A selection of the need-to-know civil justice news for the week of August 27-September 1.


Starbucks Sippy Cups for Lawyers

Wall Street Journal Editorial

Some grande good news: A federal judge has tossed out a lawsuit against Starbucks alleging that baristas put too much ice in cold drinks. Credit to Judge Percy Anderson for stopping this shakedown, and for his amusing eye roll at the lawyers who brought the case.

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N.J. Woman Hit By Foul Ball During Batting Practice Sues Major League Team

Jeff Goldman | NJ Advance Media for NJ.com

A South Jersey woman injured after being struck in the face by a foul ball at a Major League Baseball game two years ago has filed suit against the home team, according to a report.

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Is Sunblock Dangerous? Litigation is the Real Risk with IARC’s Carcinogenic Labels

U.S. Chamber’s Institute for Legal Reform

In the summertime when the weather is hot – apply your sunscreen.  This is what dermatologists have been telling us for years in order to prevent skin cancer. At the same time, a key ingredient in most sunblock brands, titanium dioxide, has been rated “possibly carcinogenic” by the International Agency for Research on Cancer (IARC). So would IARC have us believe that the measures we are taking to prevent cancer are actually causing it?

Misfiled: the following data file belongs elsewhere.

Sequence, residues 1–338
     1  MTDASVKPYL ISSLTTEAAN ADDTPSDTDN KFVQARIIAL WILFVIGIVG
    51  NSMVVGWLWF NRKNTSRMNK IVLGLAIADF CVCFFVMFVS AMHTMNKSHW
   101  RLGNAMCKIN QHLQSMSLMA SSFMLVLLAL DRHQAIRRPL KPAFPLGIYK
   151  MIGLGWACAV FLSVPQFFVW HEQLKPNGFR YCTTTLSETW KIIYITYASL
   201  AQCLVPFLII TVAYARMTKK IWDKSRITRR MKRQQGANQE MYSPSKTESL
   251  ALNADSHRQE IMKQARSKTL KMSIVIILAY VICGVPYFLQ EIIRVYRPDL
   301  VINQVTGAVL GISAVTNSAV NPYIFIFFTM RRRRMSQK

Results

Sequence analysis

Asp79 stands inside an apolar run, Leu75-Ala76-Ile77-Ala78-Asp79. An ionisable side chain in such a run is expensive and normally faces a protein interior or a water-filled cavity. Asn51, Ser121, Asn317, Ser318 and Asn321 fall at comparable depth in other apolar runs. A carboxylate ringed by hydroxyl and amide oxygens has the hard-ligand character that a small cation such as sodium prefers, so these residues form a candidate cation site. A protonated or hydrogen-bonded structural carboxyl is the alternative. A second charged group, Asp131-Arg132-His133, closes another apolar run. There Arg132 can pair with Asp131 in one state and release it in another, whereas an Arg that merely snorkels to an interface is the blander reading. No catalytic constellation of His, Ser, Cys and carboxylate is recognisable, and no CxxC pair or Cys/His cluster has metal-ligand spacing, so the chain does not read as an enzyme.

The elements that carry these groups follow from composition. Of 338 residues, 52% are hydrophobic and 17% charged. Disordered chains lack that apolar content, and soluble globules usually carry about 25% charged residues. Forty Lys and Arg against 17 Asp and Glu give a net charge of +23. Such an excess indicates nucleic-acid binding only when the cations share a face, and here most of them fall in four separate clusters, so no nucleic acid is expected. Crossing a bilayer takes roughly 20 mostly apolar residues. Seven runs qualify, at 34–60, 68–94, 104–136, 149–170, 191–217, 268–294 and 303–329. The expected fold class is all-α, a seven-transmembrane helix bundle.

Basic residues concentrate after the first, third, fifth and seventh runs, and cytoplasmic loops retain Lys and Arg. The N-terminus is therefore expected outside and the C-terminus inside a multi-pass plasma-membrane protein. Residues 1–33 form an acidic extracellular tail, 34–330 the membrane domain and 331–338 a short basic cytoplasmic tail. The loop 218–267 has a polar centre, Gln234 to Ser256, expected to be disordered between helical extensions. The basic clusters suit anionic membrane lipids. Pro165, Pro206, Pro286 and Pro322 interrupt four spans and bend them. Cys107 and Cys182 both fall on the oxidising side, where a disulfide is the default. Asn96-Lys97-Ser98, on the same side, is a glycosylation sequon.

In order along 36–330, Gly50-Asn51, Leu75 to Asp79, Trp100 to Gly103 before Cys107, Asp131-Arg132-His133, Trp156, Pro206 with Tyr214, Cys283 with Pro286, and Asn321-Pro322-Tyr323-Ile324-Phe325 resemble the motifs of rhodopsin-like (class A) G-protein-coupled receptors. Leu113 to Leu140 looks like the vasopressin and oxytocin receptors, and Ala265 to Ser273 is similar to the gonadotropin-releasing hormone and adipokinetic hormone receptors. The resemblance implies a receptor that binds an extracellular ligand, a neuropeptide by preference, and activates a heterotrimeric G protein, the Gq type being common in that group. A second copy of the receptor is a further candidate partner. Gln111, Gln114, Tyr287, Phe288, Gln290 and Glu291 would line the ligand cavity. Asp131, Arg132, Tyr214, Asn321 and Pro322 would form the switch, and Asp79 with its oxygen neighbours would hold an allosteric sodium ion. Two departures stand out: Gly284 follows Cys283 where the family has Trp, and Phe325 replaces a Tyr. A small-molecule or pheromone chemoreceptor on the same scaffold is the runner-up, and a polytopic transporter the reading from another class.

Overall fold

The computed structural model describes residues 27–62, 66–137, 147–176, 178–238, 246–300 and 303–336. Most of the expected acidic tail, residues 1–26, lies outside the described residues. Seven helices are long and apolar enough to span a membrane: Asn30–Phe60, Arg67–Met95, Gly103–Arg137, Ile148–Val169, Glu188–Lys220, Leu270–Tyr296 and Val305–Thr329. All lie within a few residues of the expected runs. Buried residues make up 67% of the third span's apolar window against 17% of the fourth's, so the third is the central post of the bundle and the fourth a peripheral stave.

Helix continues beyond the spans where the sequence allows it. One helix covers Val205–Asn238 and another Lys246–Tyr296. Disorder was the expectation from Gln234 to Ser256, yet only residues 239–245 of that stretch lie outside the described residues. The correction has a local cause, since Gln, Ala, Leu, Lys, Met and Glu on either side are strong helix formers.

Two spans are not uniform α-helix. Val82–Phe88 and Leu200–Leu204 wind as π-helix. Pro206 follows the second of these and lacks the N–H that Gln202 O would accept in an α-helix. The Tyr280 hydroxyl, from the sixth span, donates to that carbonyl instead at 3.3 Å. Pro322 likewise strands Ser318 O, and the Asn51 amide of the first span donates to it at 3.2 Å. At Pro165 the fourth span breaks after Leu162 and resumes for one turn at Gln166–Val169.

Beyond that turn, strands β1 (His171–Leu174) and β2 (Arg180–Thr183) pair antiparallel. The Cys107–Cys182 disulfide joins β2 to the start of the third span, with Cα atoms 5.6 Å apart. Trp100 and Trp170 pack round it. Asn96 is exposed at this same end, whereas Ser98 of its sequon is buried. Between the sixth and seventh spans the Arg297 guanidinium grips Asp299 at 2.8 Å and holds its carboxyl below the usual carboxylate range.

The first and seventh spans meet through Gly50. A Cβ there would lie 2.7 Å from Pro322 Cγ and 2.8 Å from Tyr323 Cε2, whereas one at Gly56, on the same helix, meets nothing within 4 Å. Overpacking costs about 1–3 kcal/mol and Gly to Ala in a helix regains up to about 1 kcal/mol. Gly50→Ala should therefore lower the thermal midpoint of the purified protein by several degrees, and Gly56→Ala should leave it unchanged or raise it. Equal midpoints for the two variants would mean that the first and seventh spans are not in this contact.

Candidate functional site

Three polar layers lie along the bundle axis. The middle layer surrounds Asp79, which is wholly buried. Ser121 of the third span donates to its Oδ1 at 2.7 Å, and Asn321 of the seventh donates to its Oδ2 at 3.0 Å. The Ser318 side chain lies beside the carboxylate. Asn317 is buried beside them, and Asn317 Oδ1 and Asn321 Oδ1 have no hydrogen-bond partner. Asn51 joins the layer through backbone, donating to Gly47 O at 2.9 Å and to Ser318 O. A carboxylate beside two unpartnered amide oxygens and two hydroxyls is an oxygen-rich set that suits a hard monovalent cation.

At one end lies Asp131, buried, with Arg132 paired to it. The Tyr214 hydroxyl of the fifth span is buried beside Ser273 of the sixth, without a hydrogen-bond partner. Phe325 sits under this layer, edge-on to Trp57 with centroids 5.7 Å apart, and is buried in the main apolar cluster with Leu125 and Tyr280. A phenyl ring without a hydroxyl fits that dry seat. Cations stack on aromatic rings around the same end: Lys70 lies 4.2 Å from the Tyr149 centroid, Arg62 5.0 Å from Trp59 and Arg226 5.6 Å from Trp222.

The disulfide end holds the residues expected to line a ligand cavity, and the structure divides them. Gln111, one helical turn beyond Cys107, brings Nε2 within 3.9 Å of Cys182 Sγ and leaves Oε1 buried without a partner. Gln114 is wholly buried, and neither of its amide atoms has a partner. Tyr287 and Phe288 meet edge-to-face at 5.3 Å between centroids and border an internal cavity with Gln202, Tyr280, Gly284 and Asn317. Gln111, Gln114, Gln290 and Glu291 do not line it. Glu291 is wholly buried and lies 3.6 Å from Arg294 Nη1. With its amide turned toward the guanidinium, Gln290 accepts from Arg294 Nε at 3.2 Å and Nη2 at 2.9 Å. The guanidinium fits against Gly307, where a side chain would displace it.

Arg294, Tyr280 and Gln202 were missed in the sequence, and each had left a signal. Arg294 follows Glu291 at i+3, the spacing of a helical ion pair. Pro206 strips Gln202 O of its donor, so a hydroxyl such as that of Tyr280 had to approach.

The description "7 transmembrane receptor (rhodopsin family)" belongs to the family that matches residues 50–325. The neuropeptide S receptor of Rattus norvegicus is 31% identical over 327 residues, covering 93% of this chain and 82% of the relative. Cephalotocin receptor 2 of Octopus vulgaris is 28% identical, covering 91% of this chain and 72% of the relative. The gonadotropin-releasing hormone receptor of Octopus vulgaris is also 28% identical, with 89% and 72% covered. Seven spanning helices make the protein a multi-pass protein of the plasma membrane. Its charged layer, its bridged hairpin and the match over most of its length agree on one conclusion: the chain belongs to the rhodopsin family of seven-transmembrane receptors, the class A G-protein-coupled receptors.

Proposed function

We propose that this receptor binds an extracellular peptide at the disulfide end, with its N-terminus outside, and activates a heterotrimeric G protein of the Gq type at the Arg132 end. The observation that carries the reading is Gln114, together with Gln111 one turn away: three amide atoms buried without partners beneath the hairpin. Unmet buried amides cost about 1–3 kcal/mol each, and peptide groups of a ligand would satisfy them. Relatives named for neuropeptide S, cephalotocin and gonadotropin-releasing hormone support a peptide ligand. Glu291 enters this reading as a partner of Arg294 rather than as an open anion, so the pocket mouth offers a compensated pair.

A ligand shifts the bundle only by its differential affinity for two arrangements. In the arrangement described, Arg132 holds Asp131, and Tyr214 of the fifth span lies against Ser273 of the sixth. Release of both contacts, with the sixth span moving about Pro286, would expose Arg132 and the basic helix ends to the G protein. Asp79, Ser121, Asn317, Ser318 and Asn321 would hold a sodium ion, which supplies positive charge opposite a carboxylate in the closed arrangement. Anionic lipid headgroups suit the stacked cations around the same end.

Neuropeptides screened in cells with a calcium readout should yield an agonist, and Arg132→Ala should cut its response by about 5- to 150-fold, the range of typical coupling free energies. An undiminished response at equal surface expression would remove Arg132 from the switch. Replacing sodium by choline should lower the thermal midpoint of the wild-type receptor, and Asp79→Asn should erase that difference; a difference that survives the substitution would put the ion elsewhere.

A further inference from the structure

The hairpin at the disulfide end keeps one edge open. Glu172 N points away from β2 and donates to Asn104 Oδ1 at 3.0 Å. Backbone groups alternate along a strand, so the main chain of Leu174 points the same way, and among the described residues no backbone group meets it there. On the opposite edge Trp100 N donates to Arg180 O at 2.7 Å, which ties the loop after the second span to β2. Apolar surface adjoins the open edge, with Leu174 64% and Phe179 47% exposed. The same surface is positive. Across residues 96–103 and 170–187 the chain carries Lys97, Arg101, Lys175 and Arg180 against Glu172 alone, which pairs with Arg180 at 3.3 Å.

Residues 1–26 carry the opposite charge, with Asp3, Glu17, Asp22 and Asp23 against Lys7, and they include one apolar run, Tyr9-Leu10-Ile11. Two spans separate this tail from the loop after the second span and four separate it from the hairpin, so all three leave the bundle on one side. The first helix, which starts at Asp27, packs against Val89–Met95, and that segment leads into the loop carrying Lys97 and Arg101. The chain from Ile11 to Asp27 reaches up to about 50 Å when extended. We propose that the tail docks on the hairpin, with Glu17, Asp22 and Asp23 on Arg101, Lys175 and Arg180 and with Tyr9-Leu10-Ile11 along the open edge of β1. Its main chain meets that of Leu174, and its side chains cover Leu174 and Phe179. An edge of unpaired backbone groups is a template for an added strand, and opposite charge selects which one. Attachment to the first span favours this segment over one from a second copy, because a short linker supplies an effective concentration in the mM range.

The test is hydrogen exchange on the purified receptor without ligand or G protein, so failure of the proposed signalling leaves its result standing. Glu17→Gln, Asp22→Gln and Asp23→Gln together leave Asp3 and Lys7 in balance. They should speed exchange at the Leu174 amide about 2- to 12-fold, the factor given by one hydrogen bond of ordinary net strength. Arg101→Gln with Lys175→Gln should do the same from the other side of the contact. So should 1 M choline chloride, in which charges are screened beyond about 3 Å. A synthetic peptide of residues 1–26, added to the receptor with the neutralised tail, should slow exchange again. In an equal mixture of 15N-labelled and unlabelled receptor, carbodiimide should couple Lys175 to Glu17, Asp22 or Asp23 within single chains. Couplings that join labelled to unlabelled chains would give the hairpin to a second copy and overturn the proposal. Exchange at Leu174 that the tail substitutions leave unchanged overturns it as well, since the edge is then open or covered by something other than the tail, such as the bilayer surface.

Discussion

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Settlement Insurance Shows Need for Court Skepticism in Class Actions

Ted Frank | Competitive Enterprise Institute’s Center for Class Action Fairness

A plaintiffs’ attorney and an insurance executive have created a business, Risk Settlements, that offers a “post-lawsuit settlement insurance product specifically designed to manage settlement risk, cap exposure and provide certainty to the uncertain world of class action settlements.” That this business model is viable—and that it purports to save class-action defendants millions of dollars in claims-made settlements—demonstrates the need for courts to provide scrutiny of what class-action settlements actually provide consumers, and to structure incentives for class counsel to minimize conflicts of interest.

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